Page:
[Content Note: Boundaries; rape culture.]
This is a series about forging boundaries.
But let me back up a bit.
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In June, I read this great piece on boundaries by Jim Hines. I hope and imagine Jim won't be insulted if I note that his piece wasn't revolutionary for me (which doesn't make it any less meaningful); I've been writing about the rape culture myself for almost a decade now, and many people before both of us have made the point that we all have the right to say no. But it was reading his piece, specifically, that I first had the thought: Not only do we all have the right to say no; we all have the right to set boundaries.
That might seem like a semantic distinction, but before someone can acknowledge, no less exercise, hir right to say no, zie must first believe zie has the right to object in the first place.
It's good and important and necessary to tell people who object to being treated in a way they don't want to be treated that they have a right to voice that objection.
But what about those of us who are so inured to being mistreated, who have not only been discouraged from communicating any negative emotion about abuse but admonished that even having those feelings is bad, wrong, punishable?
You have the right to want to say no. You have the right to want to set boundaries. And you have the right to set them.
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A 16-year-old Shaker from a small town in the US asks me if I could write more about boundaries. She doesn't know how to set them, or where. I ask her where her life feels bad. "Everywhere," she replies.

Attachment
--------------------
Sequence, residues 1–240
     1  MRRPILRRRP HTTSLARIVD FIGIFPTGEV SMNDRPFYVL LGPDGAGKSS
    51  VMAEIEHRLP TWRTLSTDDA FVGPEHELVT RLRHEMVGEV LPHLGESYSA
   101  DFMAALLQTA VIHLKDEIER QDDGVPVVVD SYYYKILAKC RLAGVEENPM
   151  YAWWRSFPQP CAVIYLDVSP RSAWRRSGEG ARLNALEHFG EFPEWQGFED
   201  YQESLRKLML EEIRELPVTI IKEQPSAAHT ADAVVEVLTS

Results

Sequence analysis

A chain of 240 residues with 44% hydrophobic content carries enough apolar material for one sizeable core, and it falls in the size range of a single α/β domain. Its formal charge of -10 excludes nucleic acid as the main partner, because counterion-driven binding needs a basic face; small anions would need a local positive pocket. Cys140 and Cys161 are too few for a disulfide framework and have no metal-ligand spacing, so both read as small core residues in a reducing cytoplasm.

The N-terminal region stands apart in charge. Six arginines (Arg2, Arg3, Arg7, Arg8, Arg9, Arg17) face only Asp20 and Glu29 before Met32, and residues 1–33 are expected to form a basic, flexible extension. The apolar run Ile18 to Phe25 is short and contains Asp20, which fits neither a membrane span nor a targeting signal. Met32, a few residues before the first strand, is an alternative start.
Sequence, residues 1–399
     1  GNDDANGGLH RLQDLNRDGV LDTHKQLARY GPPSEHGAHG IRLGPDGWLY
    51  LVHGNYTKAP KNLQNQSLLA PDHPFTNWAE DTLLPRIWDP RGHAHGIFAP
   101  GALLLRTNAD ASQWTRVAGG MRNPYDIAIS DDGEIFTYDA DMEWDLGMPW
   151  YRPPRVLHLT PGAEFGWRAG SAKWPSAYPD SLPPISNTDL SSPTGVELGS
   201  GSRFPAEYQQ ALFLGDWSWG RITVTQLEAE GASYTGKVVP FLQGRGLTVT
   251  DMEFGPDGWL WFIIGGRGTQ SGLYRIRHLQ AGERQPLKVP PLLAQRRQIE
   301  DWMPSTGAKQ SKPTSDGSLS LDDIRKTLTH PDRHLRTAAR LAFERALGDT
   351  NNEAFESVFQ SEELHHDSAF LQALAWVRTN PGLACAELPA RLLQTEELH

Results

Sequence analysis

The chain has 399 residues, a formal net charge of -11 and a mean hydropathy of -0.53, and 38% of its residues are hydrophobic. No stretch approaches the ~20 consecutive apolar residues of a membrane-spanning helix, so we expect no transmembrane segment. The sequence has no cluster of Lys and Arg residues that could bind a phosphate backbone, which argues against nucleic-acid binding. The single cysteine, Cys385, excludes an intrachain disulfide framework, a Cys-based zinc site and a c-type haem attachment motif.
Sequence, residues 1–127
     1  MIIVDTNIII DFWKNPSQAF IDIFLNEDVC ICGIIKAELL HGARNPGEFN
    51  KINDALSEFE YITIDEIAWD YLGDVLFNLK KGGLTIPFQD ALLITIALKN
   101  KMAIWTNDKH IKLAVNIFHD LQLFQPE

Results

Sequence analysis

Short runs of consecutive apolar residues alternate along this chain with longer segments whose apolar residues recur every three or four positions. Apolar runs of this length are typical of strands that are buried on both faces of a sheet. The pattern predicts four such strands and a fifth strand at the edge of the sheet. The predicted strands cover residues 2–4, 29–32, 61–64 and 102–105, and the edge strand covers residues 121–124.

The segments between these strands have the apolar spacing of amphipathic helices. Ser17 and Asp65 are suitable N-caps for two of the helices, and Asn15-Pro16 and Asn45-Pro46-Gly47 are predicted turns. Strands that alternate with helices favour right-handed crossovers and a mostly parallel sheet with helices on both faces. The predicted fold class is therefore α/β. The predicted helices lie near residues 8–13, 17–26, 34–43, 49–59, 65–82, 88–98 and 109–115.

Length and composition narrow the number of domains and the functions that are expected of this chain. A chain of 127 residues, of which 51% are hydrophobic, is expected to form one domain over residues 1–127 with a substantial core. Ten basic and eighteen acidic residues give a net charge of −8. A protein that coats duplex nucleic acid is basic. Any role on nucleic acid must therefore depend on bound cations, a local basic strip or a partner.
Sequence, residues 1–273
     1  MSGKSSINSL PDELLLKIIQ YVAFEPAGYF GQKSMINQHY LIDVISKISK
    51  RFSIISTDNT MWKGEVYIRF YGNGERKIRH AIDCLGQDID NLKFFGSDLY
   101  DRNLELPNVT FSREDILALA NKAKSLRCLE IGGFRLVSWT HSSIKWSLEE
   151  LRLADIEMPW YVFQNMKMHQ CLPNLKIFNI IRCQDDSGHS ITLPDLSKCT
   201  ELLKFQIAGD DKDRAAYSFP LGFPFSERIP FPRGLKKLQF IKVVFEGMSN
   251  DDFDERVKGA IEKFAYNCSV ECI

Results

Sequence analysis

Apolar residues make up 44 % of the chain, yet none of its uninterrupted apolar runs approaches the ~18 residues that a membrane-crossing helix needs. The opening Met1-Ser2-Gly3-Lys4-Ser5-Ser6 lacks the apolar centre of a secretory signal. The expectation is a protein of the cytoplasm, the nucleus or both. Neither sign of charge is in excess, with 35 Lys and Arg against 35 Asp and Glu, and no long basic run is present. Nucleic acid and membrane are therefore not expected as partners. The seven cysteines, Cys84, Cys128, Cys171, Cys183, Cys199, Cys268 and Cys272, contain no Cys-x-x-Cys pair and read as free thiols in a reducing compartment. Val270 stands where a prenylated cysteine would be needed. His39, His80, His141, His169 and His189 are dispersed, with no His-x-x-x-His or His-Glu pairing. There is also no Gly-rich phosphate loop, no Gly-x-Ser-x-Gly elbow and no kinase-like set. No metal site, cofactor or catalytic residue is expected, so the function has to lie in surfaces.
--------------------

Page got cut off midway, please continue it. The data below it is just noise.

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Part of my commitment to dismantling the rape culture has been setting boundaries, for myself and this community, even if it is a teaspoon in an ocean.
It turns out that you make a lot of people unhappy when you draw boundaries and defend them.
Which, of course, is a product of the rape culture, which encourages hostility to other people's boundaries, sexual or otherwise. It's all part of the same continuum, part of the same endemic hostility to the notions of consent, autonomy; hostility to individual boundaries, privacy, and dignity; hostility to people who demand those things for themselves and others.
It's so deep in all of us. Sometimes we don't even realize we do it. We're mad about someone drawing a line in a place we don't like, and we decide it is because they are mean, because they are unfair, because they are weak, because they are broken, because they are something that gives us an excuse to not have to examine our own failure to respect their communicated boundary.
I've been that mad person. And I have a lot of people mad at me a lot of the time for drawing lines in places they don't like.
I hate making people unhappy. But I hate upholding the rape culture even more.
And here's a funny thing about public boundaries-drawing: It's hard enough to say no when there aren't thousands of people willing to tell you how terrible you are for doing it. And yet it's easier to say no when there are thousands of people in addition to yourself who need you to do it.
There is something empowering about community, even around personal boundaries. We can do more empowering of that sort here. Has been a thought. Rattling around the lint trap.
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Increasingly, I get emails from Shakers on the subject of boundaries. Sometimes the emailers are grateful, thanking me for a public example of setting and maintaining boundaries. Those messages are particularly meaningful to me. Setting and maintaining boundaries (and the consequences for failing to respect them), personally and professionally, privately and publicly, is something that was once very difficult for me to do—even in this space, as longtime readers can attest.
Mostly, the emailers are advice-seeking. I try to answer all of them. A lot of the same questions come up over and over. A lot of times, I think: "This needs to be a post."
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So here we are. This is a series about defining, communicating, and holding firm boundaries. Sometimes I will just write on a general idea. But mostly I want to answer your questions and address issues around boundaries in your lives, with which you want help, back-up, the reinforcing strength of community. Email me.
Please let me know in your email how you'd like me to credit you (e.g. Disqus handle, first name, initials, topic-specific pseudonym).
Here we go.